(Updates with closing share price in sixth paragraph.)
June 8 (Bloomberg) -- Apple Inc. Chief Executive Officer Steve Jobs unveiled his plans for a new company campus with a circular design he likened to a spaceship that will accommodate about 12,000 employees.
Jobs showed designs for the building at a city council meeting yesterday in Cupertino, California, a video of which was posted online. The facility would be built a few blocks from Apple’s current headquarters on land the company bought from Hewlett-Packard Co.
The new four-story building would help Apple accommodate a staff base that’s growing as demand surges for the company’s computers and smartphones. The plans shown at the council meeting include a curved glass building with a large courtyard in the middle. A parking lot will be constructed underneath the facility, allowing 80 percent of the site to be landscaping.
“It’s a little like a spaceship landed,” Jobs said of the design. “We’ve seen these office parks with lots of buildings and they get pretty boring pretty fast, so we’d like to do something better than that.”
Apple plans to break ground next year and move in by 2015, Jobs said. He told the city council that the company’s headquarters now only holds about 2,800 people, and that Apple has been renting office space nearby to accommodate workers.
‘Out of Space’
The plans demonstrate Apple’s growth. The company’s profits have more than quadrupled since the 2007 introduction of the iPhone, helping make Apple the world’s largest technology company by market value. The shares rose 20 cents to $332.24 in Nasdaq Stock Market trading today.
“Apple’s growing like a weed,” Jobs said. “It’s clear that we need to build a new campus. We’re just out of space.”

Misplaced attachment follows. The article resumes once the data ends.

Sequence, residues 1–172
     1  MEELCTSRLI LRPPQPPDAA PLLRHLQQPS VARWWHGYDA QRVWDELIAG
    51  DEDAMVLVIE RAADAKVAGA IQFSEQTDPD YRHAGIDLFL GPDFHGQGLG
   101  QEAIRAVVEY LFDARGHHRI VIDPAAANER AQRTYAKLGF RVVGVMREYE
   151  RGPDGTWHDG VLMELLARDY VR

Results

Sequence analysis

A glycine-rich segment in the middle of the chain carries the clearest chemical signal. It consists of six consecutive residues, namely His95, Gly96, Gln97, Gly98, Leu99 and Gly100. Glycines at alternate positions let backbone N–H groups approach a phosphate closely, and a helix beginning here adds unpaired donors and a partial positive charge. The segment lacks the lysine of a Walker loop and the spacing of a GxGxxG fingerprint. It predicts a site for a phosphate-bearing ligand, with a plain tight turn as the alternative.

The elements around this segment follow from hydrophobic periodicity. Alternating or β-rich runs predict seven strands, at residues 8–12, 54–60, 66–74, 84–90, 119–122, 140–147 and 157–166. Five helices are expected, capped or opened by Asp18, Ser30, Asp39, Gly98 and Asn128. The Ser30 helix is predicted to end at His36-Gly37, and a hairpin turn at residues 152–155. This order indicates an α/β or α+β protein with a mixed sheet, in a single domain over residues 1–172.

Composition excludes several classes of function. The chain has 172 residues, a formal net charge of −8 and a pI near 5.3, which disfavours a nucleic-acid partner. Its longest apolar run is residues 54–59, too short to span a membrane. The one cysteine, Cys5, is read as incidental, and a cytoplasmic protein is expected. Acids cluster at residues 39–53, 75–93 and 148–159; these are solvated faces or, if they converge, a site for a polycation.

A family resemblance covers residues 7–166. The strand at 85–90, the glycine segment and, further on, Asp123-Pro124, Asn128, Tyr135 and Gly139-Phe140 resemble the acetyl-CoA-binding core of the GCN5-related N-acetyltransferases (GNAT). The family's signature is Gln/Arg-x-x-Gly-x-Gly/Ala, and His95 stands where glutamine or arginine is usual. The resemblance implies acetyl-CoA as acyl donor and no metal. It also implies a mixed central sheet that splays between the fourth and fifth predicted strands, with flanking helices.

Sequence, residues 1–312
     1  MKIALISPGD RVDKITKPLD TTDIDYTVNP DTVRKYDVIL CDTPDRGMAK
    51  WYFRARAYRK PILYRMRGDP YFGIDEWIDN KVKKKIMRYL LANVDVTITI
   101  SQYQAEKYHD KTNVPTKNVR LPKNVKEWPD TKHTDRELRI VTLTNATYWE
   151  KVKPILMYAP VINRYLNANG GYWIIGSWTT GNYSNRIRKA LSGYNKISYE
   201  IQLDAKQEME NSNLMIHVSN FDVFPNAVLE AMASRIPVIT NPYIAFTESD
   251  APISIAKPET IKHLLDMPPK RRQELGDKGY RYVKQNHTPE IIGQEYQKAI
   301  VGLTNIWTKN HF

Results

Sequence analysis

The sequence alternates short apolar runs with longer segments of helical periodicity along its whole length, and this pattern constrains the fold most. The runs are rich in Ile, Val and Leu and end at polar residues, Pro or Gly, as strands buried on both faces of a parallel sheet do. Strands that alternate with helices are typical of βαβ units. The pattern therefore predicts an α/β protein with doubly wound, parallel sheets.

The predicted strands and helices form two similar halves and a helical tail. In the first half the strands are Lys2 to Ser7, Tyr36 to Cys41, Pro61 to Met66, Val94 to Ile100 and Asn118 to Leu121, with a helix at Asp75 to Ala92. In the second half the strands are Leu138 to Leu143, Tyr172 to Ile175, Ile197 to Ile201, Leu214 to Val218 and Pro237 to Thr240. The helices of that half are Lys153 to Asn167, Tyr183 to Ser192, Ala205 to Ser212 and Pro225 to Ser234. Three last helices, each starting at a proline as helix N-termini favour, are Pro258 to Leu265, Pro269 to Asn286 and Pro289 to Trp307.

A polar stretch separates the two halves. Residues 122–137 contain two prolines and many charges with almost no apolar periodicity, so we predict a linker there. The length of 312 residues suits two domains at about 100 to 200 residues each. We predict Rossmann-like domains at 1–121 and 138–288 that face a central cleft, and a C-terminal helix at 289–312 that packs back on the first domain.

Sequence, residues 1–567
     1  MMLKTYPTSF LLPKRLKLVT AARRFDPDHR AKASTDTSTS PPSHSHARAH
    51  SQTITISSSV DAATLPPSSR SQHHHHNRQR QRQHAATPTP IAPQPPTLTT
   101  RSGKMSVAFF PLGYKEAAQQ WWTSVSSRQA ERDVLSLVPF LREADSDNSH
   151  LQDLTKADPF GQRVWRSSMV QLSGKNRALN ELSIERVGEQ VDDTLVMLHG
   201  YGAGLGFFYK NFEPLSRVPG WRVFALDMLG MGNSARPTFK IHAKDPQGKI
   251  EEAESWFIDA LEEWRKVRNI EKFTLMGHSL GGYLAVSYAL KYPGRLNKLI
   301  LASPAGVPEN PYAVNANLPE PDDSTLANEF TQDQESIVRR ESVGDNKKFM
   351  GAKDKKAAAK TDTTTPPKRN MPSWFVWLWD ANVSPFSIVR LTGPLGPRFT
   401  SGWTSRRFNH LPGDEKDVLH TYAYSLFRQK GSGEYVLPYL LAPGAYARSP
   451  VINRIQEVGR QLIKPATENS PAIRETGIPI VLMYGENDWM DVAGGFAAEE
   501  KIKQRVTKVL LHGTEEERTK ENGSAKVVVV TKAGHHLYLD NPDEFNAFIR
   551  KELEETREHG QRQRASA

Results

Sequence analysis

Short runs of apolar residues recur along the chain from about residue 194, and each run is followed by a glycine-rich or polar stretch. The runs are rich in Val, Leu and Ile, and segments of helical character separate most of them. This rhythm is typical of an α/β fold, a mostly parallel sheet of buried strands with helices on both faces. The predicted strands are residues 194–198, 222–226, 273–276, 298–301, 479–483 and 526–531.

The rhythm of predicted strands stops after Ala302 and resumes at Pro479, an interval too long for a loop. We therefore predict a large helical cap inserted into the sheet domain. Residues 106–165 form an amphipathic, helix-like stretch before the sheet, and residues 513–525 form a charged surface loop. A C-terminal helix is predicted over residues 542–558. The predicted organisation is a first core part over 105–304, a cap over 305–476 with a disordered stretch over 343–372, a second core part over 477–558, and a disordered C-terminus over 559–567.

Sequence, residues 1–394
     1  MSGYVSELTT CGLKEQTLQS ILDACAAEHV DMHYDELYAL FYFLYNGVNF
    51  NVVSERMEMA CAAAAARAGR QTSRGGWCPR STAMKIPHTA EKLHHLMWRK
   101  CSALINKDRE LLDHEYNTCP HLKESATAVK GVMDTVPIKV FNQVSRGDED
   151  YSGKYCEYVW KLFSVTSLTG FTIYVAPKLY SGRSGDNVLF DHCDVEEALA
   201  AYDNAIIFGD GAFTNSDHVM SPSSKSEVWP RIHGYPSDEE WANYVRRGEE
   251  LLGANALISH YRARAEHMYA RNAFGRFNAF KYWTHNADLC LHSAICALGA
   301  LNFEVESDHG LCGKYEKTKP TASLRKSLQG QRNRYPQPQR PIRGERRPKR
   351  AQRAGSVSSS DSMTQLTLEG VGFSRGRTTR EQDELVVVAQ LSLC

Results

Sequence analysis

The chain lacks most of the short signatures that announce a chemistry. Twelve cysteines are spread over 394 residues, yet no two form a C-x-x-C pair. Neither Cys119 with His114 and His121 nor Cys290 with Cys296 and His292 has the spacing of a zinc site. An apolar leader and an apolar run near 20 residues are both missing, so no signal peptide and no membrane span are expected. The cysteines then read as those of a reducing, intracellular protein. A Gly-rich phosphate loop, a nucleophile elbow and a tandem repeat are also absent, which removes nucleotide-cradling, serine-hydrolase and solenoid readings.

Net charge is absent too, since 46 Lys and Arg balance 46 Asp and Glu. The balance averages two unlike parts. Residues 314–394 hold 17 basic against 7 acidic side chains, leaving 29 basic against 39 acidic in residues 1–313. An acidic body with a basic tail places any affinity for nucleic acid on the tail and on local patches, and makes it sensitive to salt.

The planned 3.1-million-square-foot campus will have features such as a large auditorium for presentations and a fitness center, Jobs said. Apple also is considering generating its own power on-site from natural gas, and using the general power grid as a backup, Jobs said.
Apple hasn’t disclosed who is designing the building or how much it will cost, said Steve Dowling, a company spokesman.
Jobs, appearing a day after introducing Apple’s new iCloud service at a conference in San Francisco, said the land for the building is of special significance to him because it’s where he worked for Hewlett-Packard when he was young.
Apple is working with an arborist at Stanford University and plans to put 6,000 trees on the property, including apricot trees, a nod to the orchards that once filled the area of Silicon Valley about 45 miles south of San Francisco.
Jobs, who attended middle school and high school in Cupertino, was asked by a city council member what benefit residents of the town will see from the new facility.
“We’re the largest taxpayer in Cupertino, so we’d like to continue to stay here and pay taxes,” Jobs said. Without a new campus, Apple may have to move to another city, such as Mountain View, California, where Google Inc. is based, Jobs said.
“The largest tax base would go away,” he said. “That wouldn’t be good for Cupertino and that wouldn’t be good for us either.”
He was also asked whether Apple would provide the town of about 58,000 people with free Wi-Fi Internet access.
“I’m a simpleton,” Jobs said. “I’ve always had this view that we pay taxes and the city should do those things. If we can get out of paying taxes, I’d be glad to put up Wi-Fi.”
Jobs, on medical leave from Apple since January, said the company hired some of the best architects in the world to design the building.
“I think we do have a shot at building the best office building in the world,” he said. “I really do think architecture students will come here to see this. I think it could be that good.”
--Editors: Jillian Ward, Nick Turner
To contact the reporter on this story: Adam Satariano in San Francisco at firstname.lastname@example.org
To contact the editor responsible for this story: Tom Giles at email@example.com